Soltani to Pelosi: “ADPPA Represents a False Choice”
August 22, 2022
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Soltani to Pelosi: “ADPPA Represents a False Choice“
In a letter to Speaker Pelosi and Minority Leader McCarthy, Ashkan Soltani, Executive Director of the California Privacy Protection Agency (CPPA), expressed his opposition to the proposed American Data Privacy and Protection Act (ADPPA).
The letter stated that the ADPPA represents a “false choice” because it takes the rights of Californian away to provide “substantively weaker” privacy rights federally.
He suggested that the federal bill, which in its current form would preempt most U.S. state comprehensive privacy laws, should provide a floor of federal protections while also preserving the ability of states to adopt stronger state laws.
Soltani’s letter is in furtherance of a unanimous vote by the CPPA last month to oppose the ADPPA, citing the bill’s broad preemption language as the reason for its opposition.
The CPPA also decided last month that it would support federal legislation that provides a floor for states while allowing states to implement stronger protections.
The ADPPA was recommended to the full House by the House Committee on Energy and Commerce and is awaiting a House vote.
IAB Warns of “Unintended Consequences” From FTC Rulemaking
In response to the FTC’s Advance Notice of Proposed Rulemaking issued earlier this month, the Interactive Advertising Bureau’s Executive Vice President for Public Policy, Lartese Tiffith, issued a statement warning of the impact severe restrictions on digital advertising issued by the FTC could have on the “data-driven economy and ad-supported internet”.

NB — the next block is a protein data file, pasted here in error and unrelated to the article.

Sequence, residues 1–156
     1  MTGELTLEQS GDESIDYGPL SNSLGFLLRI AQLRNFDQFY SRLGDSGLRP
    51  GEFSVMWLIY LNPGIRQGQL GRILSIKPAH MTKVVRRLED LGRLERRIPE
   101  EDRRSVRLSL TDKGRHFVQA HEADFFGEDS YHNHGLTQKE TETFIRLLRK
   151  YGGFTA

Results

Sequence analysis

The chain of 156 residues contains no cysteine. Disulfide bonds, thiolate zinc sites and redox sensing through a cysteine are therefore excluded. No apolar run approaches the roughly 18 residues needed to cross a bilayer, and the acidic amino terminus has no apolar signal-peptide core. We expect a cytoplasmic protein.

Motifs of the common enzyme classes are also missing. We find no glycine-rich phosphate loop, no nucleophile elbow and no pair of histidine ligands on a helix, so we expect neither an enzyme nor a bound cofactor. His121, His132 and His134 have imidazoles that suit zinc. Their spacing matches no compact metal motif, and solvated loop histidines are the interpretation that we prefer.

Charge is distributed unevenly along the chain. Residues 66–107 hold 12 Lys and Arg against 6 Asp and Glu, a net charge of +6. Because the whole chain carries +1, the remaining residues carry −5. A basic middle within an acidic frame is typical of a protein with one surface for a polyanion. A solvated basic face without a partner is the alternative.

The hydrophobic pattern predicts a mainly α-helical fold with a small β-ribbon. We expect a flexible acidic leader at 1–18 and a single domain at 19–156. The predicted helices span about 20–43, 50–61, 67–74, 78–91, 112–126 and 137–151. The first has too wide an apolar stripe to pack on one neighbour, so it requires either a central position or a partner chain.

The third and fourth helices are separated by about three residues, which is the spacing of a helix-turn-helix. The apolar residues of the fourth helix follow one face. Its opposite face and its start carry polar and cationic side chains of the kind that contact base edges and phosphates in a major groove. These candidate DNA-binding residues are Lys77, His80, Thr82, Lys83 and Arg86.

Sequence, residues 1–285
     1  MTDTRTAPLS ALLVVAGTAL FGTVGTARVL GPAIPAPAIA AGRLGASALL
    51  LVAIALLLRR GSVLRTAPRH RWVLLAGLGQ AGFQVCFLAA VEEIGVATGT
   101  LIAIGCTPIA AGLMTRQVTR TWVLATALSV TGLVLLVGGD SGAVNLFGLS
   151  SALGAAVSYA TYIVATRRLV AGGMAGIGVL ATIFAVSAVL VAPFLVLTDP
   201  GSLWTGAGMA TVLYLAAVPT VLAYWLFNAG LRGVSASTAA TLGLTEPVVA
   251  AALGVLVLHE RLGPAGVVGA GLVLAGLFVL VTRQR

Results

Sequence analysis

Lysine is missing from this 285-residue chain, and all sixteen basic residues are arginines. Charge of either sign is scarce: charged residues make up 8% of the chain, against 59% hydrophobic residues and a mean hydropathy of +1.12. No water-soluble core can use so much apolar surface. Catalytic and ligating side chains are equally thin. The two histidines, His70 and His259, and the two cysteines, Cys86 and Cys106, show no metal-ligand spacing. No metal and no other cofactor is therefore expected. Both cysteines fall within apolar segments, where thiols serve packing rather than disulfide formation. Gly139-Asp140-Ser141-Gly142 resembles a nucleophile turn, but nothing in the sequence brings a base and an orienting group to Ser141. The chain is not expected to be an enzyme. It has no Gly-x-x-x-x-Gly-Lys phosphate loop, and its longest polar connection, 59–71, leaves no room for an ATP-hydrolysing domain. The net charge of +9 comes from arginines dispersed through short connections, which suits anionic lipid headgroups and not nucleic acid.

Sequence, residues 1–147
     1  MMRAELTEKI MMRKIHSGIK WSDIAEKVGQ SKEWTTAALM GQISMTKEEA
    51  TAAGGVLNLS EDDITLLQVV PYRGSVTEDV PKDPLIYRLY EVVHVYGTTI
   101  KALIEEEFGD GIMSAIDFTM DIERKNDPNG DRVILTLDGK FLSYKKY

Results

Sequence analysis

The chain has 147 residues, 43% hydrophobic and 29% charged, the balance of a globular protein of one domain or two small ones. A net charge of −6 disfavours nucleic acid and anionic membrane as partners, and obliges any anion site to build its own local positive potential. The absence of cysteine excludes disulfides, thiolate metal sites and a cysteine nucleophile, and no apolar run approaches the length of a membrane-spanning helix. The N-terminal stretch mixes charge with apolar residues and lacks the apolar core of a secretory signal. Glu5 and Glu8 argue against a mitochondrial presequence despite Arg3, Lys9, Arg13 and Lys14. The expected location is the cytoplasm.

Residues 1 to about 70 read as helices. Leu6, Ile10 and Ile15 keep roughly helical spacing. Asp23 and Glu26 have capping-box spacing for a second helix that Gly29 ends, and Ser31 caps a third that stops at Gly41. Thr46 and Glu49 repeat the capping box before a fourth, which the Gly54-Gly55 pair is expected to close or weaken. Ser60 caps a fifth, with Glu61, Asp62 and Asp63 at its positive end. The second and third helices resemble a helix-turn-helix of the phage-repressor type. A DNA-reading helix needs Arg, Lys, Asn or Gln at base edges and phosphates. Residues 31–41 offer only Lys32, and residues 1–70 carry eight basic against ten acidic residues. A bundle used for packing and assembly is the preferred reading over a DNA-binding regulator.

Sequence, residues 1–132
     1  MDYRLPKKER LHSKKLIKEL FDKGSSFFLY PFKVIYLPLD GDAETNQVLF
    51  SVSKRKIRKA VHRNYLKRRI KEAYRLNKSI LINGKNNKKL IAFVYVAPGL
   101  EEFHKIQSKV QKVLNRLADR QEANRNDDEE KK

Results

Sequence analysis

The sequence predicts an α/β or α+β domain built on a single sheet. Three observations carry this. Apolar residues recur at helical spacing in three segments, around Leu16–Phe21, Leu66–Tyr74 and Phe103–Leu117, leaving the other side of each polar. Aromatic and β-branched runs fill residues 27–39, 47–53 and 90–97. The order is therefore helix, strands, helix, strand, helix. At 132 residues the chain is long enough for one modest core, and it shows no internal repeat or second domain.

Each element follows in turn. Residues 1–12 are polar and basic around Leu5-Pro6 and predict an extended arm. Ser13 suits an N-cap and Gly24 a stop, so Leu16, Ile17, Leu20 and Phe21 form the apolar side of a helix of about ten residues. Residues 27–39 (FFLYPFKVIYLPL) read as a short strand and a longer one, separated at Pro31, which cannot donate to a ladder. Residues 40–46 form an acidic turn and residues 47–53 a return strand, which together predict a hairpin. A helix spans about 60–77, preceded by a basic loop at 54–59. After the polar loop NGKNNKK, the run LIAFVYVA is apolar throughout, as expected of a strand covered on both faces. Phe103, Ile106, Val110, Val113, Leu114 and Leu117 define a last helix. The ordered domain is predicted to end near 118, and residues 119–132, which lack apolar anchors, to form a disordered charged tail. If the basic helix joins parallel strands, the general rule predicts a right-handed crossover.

The statement points out that such restrictions “could jeopardize over 17 million jobs and trillions of dollars of annual economic output” and would hit small businesses the hardest.
Instead, the statement says the IAB supports “reasonable policies to protect Americans’ private information, a healthy environment for children, fairness, transparency and accountability”.
A DEEPER LOOK
The Network Advertising Initiative (NAI) issued a similar statement earlier this month, calling the FTC’s use of the term “surveillance” a loaded term to describe established business practices that benefit consumers, small business, and a competitive marketplace.
Although the IAB’s statement says “it’s clear that the [FTC] majority envisions big changes to the way entire industries do business online”, it’s not clear at this stage exactly what those changes may be.
Certain advocates, such the Electronic Privacy Information Center and Accountable Tech have encouraged the FTC to prohibit “surveillance advertising” altogether.
The FTC’s Advance Notice of Proposed Rulemaking has sought feedback on how to balance costs and benefits of current practices as well as how the FTC should regulate such practices, including, as examples: regulations addressing data security, use of biometric information, automated decision-making, algorithmic discrimiation, and methods for consent, notice, transparency and disclosure.
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